It was claimed that Cover Underwriters had accepted business without believing or caring whether it would make a gross underwriting profit because they relied on the existence of the Cover reinsurance. Reinsurers argued that Cover Underwriters had breached implied terms in the reinsurance that they would not "write against" the reinsurance and that risks would be written with the ordinary skill and care of a reasonable underwriter. By the time of the trial, six declarations were alleged to have been written in breach of these duties.

The judge disagreed, but held that certain terms could be implied into the contract. One was that a policy would only be declared to the Cover if it had been the subject of an underwriting judgment made by the lead underwriter. The other was that policies accepted to the Cover would be those which the lead underwriter would write in the ordinary course of business, taking into account the reinsurance. Applying these principles to the 6 declarations, the judge concluded that there had been no breach.

On appeal, 1688 and Cox argued that, in respect of one of the declarations, the judge should have found that Cover Underwriters were in breach of the implied terms he had found to exist. Alternatively, following Phoenix v Halvanon ([1985] 2 Lloyd's Rep 599), there was an implied term that they would conduct the business "prudently, reasonably carefully and in accordance with the ordinary practice of the market".

Phoenix v Halvanon
The Phoenix case involved a facultative obligatory (fac.oblig) reinsurance of a variety of business. The reinsurance appeared to be proportional, albeit facultative.

The issues were whether the reinsured was obliged to keep a retention and whether the writing of its business was subject to implied terms. The judge took account of the fac.oblig nature of the transaction, which imposed no restriction on the reinsured's right to choose whether to cede or not, but gave the reinsurer no equivalent right to reject the risk ceded. In his view, this necessitated an implied term that the reinsured would conduct business prudently, reasonably carefully and in accordance with the ordinary practice of the market. But, he commented, reasonableness "does not preclude the plaintiffs from taking into account the added capacity to write business that the availability of the reinsurances give them".

This decision has given rise to some debate whether the implied term found by the judge applies only to proportional reinsurance or to all forms of reinsurance.

Judgment of the Court of Appeal
The Court of Appeal found that Phoenix v Halvanon had no application in non-proportional reinsurance. The judge in that case had been careful to restrict his implied term to the transaction before him. It was very unlikely he intended it to apply to other forms of reinsurance.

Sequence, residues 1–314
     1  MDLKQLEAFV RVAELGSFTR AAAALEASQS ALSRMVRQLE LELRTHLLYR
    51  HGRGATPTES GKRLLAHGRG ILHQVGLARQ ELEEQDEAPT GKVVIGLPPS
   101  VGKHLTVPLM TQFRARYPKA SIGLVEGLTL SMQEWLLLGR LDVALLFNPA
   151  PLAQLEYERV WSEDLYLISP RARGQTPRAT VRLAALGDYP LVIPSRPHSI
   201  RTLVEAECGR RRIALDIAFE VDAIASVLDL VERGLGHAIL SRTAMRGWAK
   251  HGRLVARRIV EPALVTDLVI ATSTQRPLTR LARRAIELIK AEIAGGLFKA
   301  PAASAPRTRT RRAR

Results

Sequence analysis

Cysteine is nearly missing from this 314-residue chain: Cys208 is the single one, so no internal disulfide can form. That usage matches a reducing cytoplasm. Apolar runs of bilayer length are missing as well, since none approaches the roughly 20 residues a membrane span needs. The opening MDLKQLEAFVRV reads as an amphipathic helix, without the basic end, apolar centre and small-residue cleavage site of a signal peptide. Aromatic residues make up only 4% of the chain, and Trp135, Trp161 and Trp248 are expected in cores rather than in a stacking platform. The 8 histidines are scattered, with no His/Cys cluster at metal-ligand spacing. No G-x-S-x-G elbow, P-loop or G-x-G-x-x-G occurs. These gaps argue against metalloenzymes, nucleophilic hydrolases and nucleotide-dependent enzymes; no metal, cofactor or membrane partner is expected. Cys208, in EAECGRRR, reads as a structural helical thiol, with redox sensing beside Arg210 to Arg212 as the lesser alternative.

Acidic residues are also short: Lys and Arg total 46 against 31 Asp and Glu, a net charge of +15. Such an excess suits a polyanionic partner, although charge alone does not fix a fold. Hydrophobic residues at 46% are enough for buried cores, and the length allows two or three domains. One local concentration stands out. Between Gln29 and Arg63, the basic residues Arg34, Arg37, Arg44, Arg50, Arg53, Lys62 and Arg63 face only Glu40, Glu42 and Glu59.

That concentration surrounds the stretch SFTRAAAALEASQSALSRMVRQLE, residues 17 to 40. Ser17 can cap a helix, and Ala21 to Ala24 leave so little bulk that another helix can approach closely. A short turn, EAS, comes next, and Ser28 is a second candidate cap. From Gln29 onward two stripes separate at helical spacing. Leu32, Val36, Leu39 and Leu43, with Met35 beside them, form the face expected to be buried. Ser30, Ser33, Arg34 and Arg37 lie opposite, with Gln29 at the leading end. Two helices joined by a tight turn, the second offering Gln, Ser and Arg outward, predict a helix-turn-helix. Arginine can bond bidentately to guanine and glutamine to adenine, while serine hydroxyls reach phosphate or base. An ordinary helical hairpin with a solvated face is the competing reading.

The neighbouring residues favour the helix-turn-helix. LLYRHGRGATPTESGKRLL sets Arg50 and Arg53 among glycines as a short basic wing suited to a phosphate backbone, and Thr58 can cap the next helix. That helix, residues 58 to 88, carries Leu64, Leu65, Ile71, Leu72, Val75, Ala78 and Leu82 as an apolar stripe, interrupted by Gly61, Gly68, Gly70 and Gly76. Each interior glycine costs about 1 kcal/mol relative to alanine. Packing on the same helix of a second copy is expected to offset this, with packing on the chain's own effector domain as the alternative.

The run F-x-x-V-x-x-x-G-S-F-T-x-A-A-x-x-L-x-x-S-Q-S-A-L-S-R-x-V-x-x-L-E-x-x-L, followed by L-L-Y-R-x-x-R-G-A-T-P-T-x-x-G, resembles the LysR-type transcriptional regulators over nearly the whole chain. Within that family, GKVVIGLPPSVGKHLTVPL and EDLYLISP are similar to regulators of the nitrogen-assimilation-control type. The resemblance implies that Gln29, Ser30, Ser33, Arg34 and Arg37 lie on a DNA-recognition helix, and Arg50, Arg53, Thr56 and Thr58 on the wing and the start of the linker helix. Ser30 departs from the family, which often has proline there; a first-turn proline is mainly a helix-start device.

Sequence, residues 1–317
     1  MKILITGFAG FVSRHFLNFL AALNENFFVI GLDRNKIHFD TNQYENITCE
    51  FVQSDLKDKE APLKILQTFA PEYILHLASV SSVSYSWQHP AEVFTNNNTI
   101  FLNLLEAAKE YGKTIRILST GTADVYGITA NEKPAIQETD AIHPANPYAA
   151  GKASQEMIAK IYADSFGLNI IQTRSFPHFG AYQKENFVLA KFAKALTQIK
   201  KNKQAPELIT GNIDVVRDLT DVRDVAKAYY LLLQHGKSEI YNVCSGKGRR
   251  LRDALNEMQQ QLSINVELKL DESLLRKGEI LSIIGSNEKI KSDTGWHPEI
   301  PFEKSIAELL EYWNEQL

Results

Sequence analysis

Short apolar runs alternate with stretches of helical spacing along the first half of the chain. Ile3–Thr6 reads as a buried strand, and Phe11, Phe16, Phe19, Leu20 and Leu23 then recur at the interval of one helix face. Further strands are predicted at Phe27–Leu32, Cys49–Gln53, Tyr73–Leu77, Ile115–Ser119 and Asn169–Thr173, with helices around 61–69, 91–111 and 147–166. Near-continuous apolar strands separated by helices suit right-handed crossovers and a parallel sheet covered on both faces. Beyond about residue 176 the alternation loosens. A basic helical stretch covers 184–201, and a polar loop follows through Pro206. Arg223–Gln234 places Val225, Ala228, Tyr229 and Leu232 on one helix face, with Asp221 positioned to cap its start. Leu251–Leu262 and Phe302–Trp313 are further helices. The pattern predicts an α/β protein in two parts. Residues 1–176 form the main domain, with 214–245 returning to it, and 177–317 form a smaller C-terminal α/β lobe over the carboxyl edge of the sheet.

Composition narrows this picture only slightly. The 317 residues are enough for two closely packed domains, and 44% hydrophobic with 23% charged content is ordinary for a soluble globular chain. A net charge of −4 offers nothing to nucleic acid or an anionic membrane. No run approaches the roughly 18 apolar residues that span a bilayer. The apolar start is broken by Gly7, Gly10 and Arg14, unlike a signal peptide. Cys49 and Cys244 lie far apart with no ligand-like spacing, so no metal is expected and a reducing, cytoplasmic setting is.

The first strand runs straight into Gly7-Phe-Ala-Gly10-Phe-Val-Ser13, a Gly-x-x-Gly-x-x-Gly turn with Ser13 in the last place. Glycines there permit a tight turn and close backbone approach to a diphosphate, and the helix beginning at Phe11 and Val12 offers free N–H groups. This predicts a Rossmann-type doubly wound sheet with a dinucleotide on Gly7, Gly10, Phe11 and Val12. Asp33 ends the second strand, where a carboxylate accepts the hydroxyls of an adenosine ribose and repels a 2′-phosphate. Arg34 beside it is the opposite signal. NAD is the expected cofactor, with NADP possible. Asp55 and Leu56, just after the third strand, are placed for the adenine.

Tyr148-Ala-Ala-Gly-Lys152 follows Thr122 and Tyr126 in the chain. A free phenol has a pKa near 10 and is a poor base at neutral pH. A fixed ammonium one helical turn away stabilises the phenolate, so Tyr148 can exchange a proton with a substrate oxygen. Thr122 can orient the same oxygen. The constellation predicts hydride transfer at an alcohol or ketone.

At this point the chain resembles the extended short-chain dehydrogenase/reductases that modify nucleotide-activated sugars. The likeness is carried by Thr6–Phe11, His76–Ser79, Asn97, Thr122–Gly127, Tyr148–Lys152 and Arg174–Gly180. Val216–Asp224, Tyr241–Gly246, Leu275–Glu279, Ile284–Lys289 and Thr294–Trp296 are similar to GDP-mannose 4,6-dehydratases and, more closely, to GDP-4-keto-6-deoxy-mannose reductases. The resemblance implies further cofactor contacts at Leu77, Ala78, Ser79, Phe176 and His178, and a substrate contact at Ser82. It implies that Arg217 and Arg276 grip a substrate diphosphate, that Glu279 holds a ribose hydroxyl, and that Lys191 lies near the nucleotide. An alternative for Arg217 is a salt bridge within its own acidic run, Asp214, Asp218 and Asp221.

The fundamental difference between proportional and non-proportional reinsurance is that the former involves a sharing of risk between reinsured and reinsurer, whereas the latter does not. The parties to non-proportional reinsurance are not partners in a joint venture. Each has its own separate commercial interests, which will probably conflict. In both proportional and non-proportional reinsurance (unless it is facultative) the reinsurer does not usually exercise any underwriting judgment as to the particular risk which he reinsures. His assessment relates to the skill and judgment of the reinsured.

If, as contended, implied terms imposed duties on the reinsured, and if these applied to all types of reinsurance, the "spectre of retrospective underwriting" would haunt the market. Enormous numbers of unprofitable treaties would be subject to challenge. It was also worth remembering that such terms would apply, not just to reinsureds in relation to reinsurers, but also to reinsurers in relation to their retrocessionaires.

The touchstone for implying a term is necessity. Why would such an implied term be necessary in non-proportional reinsurance? The parties have competing interests. Each party tries to secure the best deal it can. How would either of them know what the other's interests were? Implied terms would merely introduce uncertainty. How could one determine what the ordinary course of conducting a particular type of business should be?

The fact that a reinsured does not owe the reinsurer a duty to write business reasonably and prudently does not leave the reinsurer defenceless or at the mercy of the reinsured. Pre-contract disclosure means it is entitled to a fair presentation of the risk, including the type of business the reinsured proposes to write, or has written, and the contract itself should clearly define the nature of the risks reinsured. If required, it can even give the reinsurer the right to monitor the business. A further valuable protection is provided by the market itself. If an underwriter wants to continue in the market, he needs to have - and maintain - a good reputation.

In an extreme case, if an underwriter exercised no judgment at all and accepted a risk recklessly, not caring whether it was good or bad, or deliberately took a risk knowing of a loss which would only fall on his reinsurers, or took a bribe to write the risk, a remedy might well be available. On the proper construction of the policy, such a risk would very likely not be covered at all. But this situation did not arise here so the Court of Appeal did not explore this further.

As far as this case was concerned, the reinsurance was not subject to any of the implied terms contended for. "We would reach the same conclusion in respect of any non-proportional reinsurance. We do not have to decide and we do not decide whether the same applies to proportional reinsurance" (Lord Justice Waller).

Had the Phoenix implied terms applied, the Court of Appeal would have agreed with the judge's finding that there had been no breach.